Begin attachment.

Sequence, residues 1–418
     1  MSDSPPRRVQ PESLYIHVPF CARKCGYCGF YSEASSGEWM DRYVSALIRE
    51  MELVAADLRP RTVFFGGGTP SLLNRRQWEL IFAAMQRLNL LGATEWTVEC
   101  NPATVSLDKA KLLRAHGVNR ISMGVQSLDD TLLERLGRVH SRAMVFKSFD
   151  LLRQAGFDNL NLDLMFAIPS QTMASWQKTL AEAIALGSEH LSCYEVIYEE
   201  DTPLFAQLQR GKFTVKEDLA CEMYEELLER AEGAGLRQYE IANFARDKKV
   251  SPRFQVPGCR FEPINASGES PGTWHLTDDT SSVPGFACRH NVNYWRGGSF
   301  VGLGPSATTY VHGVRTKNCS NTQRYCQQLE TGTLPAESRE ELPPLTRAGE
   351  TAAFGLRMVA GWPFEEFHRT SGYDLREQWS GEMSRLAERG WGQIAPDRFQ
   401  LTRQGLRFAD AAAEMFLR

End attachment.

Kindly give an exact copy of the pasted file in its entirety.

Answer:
Sequence, residues 1–418
     1  MSDSPPRRVQ PESLYIHVPF CARKCGYCGF YSEASSGEWM DRYVSALIRE
    51  MELVAADLRP RTVFFGGGTP SLLNRRQWEL IFAAMQRLNL LGATEWTVEC
   101  NPATVSLDKA KLLRAHGVNR ISMGVQSLDD TLLERLGRVH SRAMVFKSFD
   151  LLRQAGFDNL NLDLMFAIPS QTMASWQKTL AEAIALGSEH LSCYEVIYEE
   201  DTPLFAQLQR GKFTVKEDLA CEMYEELLER AEGAGLRQYE IANFARDKKV
   251  SPRFQVPGCR FEPINASGES PGTWHLTDDT SSVPGFACRH NVNYWRGGSF
   301  VGLGPSATTY VHGVRTKNCS NTQRYCQQLE TGTLPAESRE ELPPLTRAGE
   351  TAAFGLRMVA GWPFEEFHRT SGYDLREQWS GEMSRLAERG WGQIAPDRFQ
   401  LTRQGLRFAD AAAEMFLR